That’s amazing. So that’s how I met you, obviously, was through E commerce channels, one of our mutual friends introduced us and so I was just so stoked to learn that, you know, you were already involved in Mexico. And you know, and you already have some e commerce knowledge. And our mission was to build the bridge. I mean, we have a bridge kind of, but there’s not really a sourcing bridge, right? There’s not necessarily this e commerce sourcing bridge between the United States and the rest of the world and Mexico, a lot of people just aren’t aware of what’s available in Mexico, they aren’t really sure how to find manufacturers, they aren’t sure what capabilities are there. And that’s what we found, too. You know, I would visit Mexico all the time. I’m in Texas, and I would visit Mexico all the time, and I would see all these amazing products that were made in Mexico and I was like, wait a minute, how, where are these manufacturers? Like where’s this happening? Because the only thing that any of us had heard really about Mexico was vehicles right and automotive that kind of stuff was big in Mexico and so I was like wow, is there is there space for E commerce buyers to go to Mexico and source and you you mentioned you said you know There you are wondering the same thing. Why is every Want to sourcing from China and not looking at alternative destinations? And can you talk a little bit about your experience? And kind of, you know, why you think that is? Why do you think people don’t know a lot about Mexico?

Andrew Lemon:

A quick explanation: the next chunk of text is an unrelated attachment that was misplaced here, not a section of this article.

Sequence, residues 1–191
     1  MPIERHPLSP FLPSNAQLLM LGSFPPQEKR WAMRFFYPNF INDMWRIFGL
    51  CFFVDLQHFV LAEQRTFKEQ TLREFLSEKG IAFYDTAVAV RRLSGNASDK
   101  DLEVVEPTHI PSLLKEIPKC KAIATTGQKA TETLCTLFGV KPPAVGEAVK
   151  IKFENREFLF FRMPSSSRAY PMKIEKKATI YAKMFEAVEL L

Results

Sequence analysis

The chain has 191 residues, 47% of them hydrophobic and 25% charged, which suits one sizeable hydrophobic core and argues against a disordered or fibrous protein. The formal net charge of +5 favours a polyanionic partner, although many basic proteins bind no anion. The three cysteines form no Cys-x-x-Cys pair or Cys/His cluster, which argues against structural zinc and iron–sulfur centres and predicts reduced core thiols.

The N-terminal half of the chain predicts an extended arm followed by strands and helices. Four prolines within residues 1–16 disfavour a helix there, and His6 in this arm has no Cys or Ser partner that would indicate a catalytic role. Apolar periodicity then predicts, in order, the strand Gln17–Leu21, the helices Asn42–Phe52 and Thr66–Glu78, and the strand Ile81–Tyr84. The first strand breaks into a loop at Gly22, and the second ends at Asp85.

Um, yeah, I mean, I think I think when we, when most Americans travel to Mexico, they’re going to the beach, right, and maybe going to the border town, just, you know, have a little fun. And, you know, you kind of connect that you that’s, that’s the image that people have, as well as kind of what you see on the media. So you know, people don’t really expect there to be the type of economic development that is in Mexico. I mean, you know, you were from the United States, which is, you know, by some accounts, the richest country in the world, and we have Mexico, but beside us, and we look at it as a poor country, but Mexico is actually a rich country, on a worldwide level, right? So, so there is a lot going on, there are a lot of people with a lot of factories, and there is logistics, and all of these things exist. The difference, though, is that China made a very concerted effort to change the economy starting in the late starting in the 1970s. Right, and they never have been a place with a lot of raw material. They’ve been a place that said, How are we going to be a part of the rest of the world, it’s going to be by manufacturing. So from the very, from that point in time, starting in the 70s, they were looking for opportunities to work with large companies to manufacture goods there. And then they caught on to the trend of Oh, but I can, you know, make small orders for these individual sellers. And eventually the, the Amazon ecosystem was something that they plugged into, to the extent that now they’re the sailors right? At the first at first, you know, we were happy, hey, we can get the Chinese manufacturers that make this and, and, you know, eventually they started making things too, but they weren’t doing such a great job. And then eventually, they kind of caught up. Mexico’s economy was still very isolated until NAFTA. And you know, that seems I guess that’s 30 years ago now. So it seems like Well, that’s been a while, but it’s still only 30 years ago, just the 90s. Right. In Mexico, they produce goods for their own local market, they didn’t import that much. And they didn’t export that much. And they haven’t switched, they haven’t made that switch as much to say, hey, what can we make for the US. So that’s, that’s part of it. The other part of it is a lot of these things that we’re seeing when you go to Mexico, and you see, wow, these are some fantastic ceramic bowls. This is some amazing, you know, woodwork, amazing leather work. Some of those are traditions, businesses, for lack of a better word, economic activity, that goes back, maybe 100 years, maybe 200 years that people and a certain region of Mexico have been manufacturing those goods, and so it’s generation after generation. And so having to do something different saying, Okay, now I need to change this, I need to scale it, I need to seek, you know, commercial partners in the United States. That’s just slowly but surely happening. Whereas in China, it was kind of pushed. And another thing about that is in China, because things are very much controlled by the state government, both in a sense of it’s a powerful authoritarian government. And because the culture is a little bit more collective, in in China, you know, the government has pushed the economy in that direction. Whereas that’s not necessarily happening yet in Mexico, everybody’s still kind of doing their own thing. But I, again, I do think there is a great opportunity, that doesn’t mean that the level of craftsmanship isn’t there, that doesn’t mean that there isn’t the possibility to do it. The big difference is, you know, I can still speak from experience. Everybody knows they can log on to certain websites and say, Hey, I’m looking for, you know, sunglasses that look like smiley faces, I’m looking for plastic flowerpots, I’m looking for this, I’m looking for that. And you’re likely going to find somebody that’s either producing that very item or something similar, and you can start the conversation. A lot of us myself, have developed relationships with people in China that all I have to do is jump on Skype at their, you know, time of the day, jump on about 10 o’clock at night and say, Hey, can you help me find this and they’re gonna do it because it’s a it’s a habit. It’s a business that they’ve developed and they’re doing in Mexico a lot of if someone says, Hey, Andrew, you know, I want to source this I want to source that. It’s gonna take me a while. longer to find anything that comes close to that it’s a lot more like, Okay, you want something that’s made out of that material? Well, I know somebody that works with this other material, maybe they know somebody that knows somebody that knows somebody.